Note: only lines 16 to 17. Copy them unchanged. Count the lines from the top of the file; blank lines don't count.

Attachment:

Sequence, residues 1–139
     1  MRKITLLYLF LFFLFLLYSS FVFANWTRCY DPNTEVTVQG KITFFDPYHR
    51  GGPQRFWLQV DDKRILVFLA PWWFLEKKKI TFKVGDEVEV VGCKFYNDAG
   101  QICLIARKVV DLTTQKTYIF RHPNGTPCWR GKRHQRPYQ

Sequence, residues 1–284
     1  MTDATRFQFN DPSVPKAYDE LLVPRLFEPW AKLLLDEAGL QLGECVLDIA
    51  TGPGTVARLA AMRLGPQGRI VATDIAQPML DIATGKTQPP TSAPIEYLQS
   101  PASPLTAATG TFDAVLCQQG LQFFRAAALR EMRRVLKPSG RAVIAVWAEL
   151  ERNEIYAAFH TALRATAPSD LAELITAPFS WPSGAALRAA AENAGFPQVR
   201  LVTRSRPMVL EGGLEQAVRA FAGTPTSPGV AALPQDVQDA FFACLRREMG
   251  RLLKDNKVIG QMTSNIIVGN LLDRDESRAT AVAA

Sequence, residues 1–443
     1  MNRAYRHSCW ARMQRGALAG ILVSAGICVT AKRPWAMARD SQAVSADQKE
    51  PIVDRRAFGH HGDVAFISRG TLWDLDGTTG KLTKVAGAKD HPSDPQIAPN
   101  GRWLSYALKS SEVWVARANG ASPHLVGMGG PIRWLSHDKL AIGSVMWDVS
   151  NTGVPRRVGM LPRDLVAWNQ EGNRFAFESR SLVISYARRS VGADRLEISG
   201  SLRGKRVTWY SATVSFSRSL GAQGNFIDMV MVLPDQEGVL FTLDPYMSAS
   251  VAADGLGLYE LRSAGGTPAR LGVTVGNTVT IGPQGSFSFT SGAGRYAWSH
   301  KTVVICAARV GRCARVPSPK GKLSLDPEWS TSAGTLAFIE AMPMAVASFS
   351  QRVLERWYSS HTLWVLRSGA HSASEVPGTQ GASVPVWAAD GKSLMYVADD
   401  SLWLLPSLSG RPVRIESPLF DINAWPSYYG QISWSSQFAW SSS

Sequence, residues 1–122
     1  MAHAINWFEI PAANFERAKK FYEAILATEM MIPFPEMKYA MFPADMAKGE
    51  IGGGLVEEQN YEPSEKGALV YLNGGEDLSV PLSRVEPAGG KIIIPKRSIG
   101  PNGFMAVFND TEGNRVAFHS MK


   151  NTGVPRRVGM LPRDLVAWNQ EGNRFAFESR SLVISYARRS VGADRLEISG
   201  SLRGKRVTWY SATVSFSRSL GAQGNFIDMV MVLPDQEGVL FTLDPYMSAS